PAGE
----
Why Third-Party Ad Servers Are Necessary In The Emerging DSP Market

Data-Driven ThinkingGeorge Allen is Senior Product Manager, Mediaplex, an advertising technology solutions company, and a division of ValueClick.

The arrival of Demand Side Platforms (DSPs) may very well signal a better way to access exchange media inventory, but if you are thinking that means doing away with your third party ad server, keep reading.

DSPs have arrived in a big way, and a lot has been written lately about how they will help influence the future of online advertising. After all, DSPs are all about delivering on the promise of how to most effectively and efficiently utilize data, eliminating wasted time and resources to generate better results for your online marketing programs. While the future for DSPs looks promising, it’s important to not lose sight of a fundamental backbone technology piece that will continue to play a critical part in the advancement of DSPs: the third-party ad server.

Third-party ad servers provide the fundamental tools for managing, tracking and reporting on display advertising campaigns. Marketers must be able to monitor all types of campaigns and report on creative and targeting performance in order to fully leverage the demand side technology. Having an additional tool to acquire media and leverage data is great, but that is only part of the solution.  A truly viable solution requires a complete display management system.

Here are just a few reasons why third-party ad servers are necessary in the emerging DSP market:

  1. Ad servers provide comprehensive tracking, retargeting, optimization and reporting of all media buy types. Whether it’s a CPA affiliate campaign, a CPM buy from a niche site, or a CPC deal with a direct site, ad servers are designed to track and report on all activity across channels. In addition, some ad servers even incorporate tracking of natural search, paid search and email. The vast majority of Demand Side Platforms are specifically designed to mainly track and manage Exchange buys.
  2. Ad servers de-duplicate conversions across media buys by attributing a conversion event to only one media vendor. Without this type of de-duplication, advertisers end up misinterpreting which suppliers are really driving conversions and, in the case of CPA buys, advertisers can end up paying rev-share fees multiple times for a single conversion.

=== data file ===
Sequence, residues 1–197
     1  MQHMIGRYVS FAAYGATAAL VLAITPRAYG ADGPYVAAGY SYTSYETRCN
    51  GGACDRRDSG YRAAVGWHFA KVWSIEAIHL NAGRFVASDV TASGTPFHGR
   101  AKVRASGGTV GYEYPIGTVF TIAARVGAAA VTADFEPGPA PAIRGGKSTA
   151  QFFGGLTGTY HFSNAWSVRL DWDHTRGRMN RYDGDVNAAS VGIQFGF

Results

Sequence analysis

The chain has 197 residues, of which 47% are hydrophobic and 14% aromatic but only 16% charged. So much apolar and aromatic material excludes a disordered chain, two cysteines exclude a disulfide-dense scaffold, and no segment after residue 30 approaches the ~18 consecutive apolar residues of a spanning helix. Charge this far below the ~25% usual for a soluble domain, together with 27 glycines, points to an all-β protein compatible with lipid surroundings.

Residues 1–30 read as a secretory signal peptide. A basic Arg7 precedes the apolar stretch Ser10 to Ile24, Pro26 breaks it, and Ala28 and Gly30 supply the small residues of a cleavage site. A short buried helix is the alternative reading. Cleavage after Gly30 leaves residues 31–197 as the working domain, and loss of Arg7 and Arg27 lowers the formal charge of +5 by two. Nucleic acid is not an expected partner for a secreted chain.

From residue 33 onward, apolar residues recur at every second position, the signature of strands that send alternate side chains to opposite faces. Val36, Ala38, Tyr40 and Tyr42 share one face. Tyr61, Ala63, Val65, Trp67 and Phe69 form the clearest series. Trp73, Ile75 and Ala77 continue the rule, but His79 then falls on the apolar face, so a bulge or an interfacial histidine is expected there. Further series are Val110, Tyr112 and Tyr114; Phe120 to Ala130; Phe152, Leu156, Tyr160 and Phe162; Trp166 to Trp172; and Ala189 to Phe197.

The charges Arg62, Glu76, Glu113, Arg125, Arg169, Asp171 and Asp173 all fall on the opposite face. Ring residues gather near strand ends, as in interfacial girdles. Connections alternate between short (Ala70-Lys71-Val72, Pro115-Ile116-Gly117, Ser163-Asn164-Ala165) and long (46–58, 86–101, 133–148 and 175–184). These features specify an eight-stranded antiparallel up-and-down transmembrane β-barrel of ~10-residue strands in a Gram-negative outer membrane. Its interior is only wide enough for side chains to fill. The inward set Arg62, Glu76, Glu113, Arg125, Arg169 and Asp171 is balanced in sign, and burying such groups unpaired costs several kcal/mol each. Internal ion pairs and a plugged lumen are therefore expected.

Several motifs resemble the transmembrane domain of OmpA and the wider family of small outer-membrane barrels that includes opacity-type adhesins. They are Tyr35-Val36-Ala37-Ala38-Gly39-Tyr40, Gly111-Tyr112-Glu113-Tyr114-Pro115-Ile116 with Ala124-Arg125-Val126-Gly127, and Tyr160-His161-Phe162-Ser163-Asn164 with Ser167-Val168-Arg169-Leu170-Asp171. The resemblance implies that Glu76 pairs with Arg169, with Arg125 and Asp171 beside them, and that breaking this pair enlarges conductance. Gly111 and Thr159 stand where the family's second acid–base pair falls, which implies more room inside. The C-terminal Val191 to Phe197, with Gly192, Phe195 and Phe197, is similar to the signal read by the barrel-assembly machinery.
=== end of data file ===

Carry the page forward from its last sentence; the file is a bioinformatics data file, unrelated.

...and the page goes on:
3. Industry consolidation and competition has weeded out all but the most reliable and effective ad servers. You’ll also find that these ad servers can be counted on for 99% up-time, reliability, and IAB and NAI compliance – to name a few. The DSP life cycle, on the other hand, has just started. One can expect a lot of hope, hype and future promise among DSP vendors, but not necessarily proven track records.
  4. Ad servers have expertise and highly developed tools for creative rendering and tracking. It will be a long time before DSPs can provide things like auto-optimized dynamic messaging, where the best performing combination or iteration of creative variables are systematically determined. Support for Rich Media formats, such as floating, expandable or tandem, are another area where current DSPs are lacking – not to mention Rich Media reporting and publisher acceptance.
  5. Marketers buying exchange and network inventory don’t always have control over where their ads are displayed. Typically, they have transparency after the fact. Marketers will continue to buy inventory directly from specific sites to ensure targeted reach and appropriate brand exposure. Although DSPs in some cases have partnered with brand safety companies, they are not designed to buy inventory directly from specific sites.
  6. Third-party ad servers have highly-evolved reports, such as Path to Conversion, Site Overlap and Reach and Frequency reports that allow marketers to fully understand how and when users are interacting with the media. DSPs have barely scratched the surface in terms of their reporting capabilities.

Ad servers have been effectively managing the demand side of display for more than a decade and will continue to be a critical tool in managing display campaigns. It makes sense to assume that the lines between DSPs and third-party ad servers will cross and eventually achieve total integration in the years to come. However, in order to effectively manage the demand side, DSPs will need to build out the functionality which today is only available with a third-party ad server. As the exchange market grows, these ad servers will most likely integrate with exchanges directly or partner with a DSP that does. Until that time, third-party ad servers will continue to fill a critical role in the management of display advertising.